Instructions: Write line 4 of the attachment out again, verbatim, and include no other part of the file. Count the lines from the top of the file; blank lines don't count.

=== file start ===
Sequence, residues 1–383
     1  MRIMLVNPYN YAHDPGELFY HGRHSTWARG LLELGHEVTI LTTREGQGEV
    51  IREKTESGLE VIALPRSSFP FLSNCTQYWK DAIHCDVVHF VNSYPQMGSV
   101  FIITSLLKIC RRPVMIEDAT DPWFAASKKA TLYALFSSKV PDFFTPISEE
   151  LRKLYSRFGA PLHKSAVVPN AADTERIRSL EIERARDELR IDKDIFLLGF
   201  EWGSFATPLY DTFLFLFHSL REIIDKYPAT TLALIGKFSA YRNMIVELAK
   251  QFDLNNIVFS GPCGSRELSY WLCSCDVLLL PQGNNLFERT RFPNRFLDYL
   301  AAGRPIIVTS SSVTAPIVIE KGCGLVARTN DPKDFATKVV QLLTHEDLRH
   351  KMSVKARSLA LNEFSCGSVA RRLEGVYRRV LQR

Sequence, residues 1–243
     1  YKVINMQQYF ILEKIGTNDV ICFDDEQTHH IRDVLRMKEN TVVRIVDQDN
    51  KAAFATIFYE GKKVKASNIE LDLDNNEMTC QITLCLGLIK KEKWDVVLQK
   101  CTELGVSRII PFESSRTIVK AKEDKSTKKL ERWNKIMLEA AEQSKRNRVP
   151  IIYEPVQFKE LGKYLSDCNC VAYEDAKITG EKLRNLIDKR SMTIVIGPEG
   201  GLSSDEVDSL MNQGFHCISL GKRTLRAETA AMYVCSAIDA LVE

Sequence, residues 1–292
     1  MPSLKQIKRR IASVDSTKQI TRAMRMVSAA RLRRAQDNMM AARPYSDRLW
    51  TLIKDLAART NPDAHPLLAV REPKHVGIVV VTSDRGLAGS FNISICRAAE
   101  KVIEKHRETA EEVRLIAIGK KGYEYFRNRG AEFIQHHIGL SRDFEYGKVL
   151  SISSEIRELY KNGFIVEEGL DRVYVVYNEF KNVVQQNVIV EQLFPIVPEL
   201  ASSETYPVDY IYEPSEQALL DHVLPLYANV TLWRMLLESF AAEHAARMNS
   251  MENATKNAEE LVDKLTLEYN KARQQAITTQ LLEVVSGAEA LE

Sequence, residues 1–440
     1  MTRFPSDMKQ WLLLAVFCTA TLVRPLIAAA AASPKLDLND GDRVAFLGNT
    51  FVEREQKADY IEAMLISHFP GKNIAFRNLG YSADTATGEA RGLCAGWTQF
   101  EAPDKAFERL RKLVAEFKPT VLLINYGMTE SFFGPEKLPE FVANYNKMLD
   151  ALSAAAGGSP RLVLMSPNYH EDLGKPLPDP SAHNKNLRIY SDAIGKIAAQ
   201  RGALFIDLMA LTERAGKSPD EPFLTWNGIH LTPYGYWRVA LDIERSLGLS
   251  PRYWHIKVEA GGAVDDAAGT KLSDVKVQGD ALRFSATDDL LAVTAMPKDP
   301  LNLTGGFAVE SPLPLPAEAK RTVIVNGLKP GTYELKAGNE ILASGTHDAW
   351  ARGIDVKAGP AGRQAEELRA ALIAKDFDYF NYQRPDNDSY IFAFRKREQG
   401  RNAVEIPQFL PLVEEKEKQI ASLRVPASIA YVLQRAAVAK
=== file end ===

   101  FIITSLLKIC RRPVMIEDAT DPWFAASKKA TLYALFSSKV PDFFTPISEE